Gorbachev cedes power SUCCESSION Yeltsin takes over military, nuclear 'button'

December 26, 1991|By Cox News Service

MOSCOW THE LOS ANGELES TIMES CONTRIBUTED TO THIS ARTICLE. — MOSCOW -- Russian President Boris N. Yeltsin rapidly too command yesterday of a shrunken Russian empire only minutes after Mikhail S. Gorbachev stepped down as president of a failed Soviet Union.

A half-hour after Mr. Gorbachev finished a brooding valedictory address, the familiar red Communist hammer-and-sickle flag came down from the flagpole atop the Kremlin -- a symbolic end to nearly seven-and-half decades of Communist rule. In its place went up the red, white and blue flag of Russia that had once flown under the czars.

Just four years after Mr. Gorbachev kicked Mr. Yeltsin out of the halls of power, Mr. Yeltsin also took the "nuclear button" from his former boss and reassured the world that he is now in control.

"The nuclear button today will be passed over to the president of Russia, and we will do all we can do to prevent this nuclear button from being used ever," Mr. Yeltsin said.

In passing the "nuclear button to Yeltsin," Mr. Gorbachev was admitting defeat after a four-year battle for primary influence over the fate of the country. In the end, it was Mr. Yeltsin's vision for the Commonwealth of Independent States, and not Mr. Gorbachev's plan for a single state of sovereign republics, that triumphed.

Mr. Yeltsin said he had disagreed with what he called Mr. Gorbachev's repressive policies since 1987. That was the year when Mr. Yeltsin made a bold, critical speech before Communist Party leaders. It cost him his post as Communist Party chief of Moscow and as a Politburo member.

But Mr. Yeltsin refused to leave the political stage, and in June became the first ruler in Russia's 1,000-year history to be elected by the people. Now, he has succeeded in pushing his longtime rival out of the way, so he can pursue his own dreams for Russia.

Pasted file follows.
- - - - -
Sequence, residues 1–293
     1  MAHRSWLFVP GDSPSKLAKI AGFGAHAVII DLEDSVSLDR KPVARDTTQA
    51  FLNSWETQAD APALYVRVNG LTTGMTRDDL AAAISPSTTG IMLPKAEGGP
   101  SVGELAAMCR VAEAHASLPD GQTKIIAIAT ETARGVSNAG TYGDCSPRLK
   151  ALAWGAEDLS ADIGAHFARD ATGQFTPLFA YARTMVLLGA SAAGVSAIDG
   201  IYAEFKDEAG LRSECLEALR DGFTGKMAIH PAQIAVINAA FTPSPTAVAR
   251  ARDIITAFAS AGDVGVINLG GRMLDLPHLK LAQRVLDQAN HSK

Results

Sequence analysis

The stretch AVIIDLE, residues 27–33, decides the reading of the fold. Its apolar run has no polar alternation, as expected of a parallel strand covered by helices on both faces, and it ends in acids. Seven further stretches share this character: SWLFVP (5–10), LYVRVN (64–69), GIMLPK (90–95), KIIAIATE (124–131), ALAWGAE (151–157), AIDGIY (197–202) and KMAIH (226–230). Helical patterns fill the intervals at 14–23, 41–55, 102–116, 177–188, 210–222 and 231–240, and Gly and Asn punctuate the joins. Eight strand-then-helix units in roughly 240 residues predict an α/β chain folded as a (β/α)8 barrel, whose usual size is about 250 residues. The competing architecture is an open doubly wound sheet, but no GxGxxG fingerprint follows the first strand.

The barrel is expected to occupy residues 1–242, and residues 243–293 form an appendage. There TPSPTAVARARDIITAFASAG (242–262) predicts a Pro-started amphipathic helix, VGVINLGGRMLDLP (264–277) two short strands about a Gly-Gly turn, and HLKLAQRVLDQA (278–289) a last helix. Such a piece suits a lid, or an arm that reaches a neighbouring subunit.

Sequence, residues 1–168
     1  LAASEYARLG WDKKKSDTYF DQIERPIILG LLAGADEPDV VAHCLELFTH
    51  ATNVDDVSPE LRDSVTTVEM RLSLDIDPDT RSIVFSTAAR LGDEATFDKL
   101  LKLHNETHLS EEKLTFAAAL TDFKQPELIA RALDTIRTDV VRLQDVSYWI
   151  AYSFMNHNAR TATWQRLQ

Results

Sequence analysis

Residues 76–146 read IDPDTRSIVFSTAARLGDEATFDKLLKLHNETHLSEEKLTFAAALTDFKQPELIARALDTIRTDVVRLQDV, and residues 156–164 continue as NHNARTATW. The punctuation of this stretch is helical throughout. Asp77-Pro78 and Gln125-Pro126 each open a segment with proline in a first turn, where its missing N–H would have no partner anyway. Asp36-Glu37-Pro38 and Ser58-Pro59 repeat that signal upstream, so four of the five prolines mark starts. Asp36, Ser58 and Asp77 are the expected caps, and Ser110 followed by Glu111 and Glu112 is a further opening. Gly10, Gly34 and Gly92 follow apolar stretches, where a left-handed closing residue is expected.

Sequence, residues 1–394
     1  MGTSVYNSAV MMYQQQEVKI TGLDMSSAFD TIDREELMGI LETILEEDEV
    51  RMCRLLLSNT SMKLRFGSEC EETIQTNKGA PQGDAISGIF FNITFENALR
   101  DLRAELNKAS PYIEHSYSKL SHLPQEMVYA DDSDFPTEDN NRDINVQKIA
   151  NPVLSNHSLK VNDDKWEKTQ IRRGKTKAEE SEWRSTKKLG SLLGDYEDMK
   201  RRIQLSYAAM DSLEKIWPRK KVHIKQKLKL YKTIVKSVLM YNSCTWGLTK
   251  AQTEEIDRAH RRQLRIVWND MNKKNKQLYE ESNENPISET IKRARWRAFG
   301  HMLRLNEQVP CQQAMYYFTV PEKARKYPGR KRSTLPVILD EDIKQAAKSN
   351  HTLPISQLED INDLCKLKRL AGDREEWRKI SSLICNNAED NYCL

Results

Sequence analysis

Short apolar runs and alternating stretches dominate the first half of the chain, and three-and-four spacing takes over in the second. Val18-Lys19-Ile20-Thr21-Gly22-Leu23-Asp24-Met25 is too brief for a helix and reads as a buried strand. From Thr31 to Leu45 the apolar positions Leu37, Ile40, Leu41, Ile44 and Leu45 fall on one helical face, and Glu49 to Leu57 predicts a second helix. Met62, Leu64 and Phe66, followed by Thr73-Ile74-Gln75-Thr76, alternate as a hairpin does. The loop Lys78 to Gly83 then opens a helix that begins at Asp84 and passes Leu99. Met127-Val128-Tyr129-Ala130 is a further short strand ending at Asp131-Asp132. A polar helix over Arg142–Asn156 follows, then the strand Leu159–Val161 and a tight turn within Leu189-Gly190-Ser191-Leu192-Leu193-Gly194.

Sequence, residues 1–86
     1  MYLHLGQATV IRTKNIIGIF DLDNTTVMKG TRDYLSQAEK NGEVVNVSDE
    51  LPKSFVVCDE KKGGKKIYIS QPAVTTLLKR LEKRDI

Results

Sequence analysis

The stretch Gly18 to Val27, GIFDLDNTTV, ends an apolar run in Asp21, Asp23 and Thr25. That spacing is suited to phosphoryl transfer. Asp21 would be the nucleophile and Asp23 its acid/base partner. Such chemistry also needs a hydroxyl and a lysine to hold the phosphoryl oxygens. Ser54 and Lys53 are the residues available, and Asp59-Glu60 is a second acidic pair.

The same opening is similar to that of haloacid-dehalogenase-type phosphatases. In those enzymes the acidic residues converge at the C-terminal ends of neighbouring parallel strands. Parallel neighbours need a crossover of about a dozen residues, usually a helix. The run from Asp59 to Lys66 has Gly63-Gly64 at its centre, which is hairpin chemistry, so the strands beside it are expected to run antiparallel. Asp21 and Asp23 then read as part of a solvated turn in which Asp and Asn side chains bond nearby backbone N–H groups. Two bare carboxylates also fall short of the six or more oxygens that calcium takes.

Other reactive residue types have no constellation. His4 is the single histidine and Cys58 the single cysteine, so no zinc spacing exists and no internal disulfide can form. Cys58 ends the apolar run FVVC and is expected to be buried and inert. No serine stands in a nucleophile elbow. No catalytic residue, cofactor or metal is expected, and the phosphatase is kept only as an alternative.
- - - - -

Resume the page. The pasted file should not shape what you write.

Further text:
For millions of Russians worried about the price and availability of basic foodstuffs, Mr. Gorbachev's Christmas Day exit failed to create anything like the great drama that seized the United States when Richard M. Nixon resigned as president in 1974. Only one of the four Moscow television stations carried his 14-minute resignation address.

Mr. Yeltsin began to take over Mr. Gorbachev's final role, that of military commander-in-chief, earlier in the day, announcing that former Soviet soldiers will leave two regions on the southern fringe of the former Soviet Union that are now plagued by ethnic strife.

The removal order will bring thousands of Russian draftees back from Georgia, where 30 people have died in a power struggle this week, and from the Armenian enclave of Nagorno-Karabakh, where hundreds have died over the past three years.

On the economic front, Mr. Yeltsin said he will push ahead with his plans to "liberalize" Russia's consumer prices Jan. 2, a draconian step aimed at moving quickly to a free-market economy. The move is expected to triple the price of meat, milk and most other necessities in state-run food stores overnight. But Mr. Yeltsin will try to cushion the impact by raising the minimum wage and pensions.

"We have to undertake to take some unpopular measures, which the leadership of this country hasn't had the courage to take in the past seven years," Mr. Yeltsin said, in an obvious reference to the departed Mr. Gorbachev.

Yeltsin told a Cable News Network interviewer: "We're sick and tired of pessimism, which we've had over the past few years. The people here are weary of pessimism, and the share of pessimism is too much for the people to handle. Now they need some belief finally."

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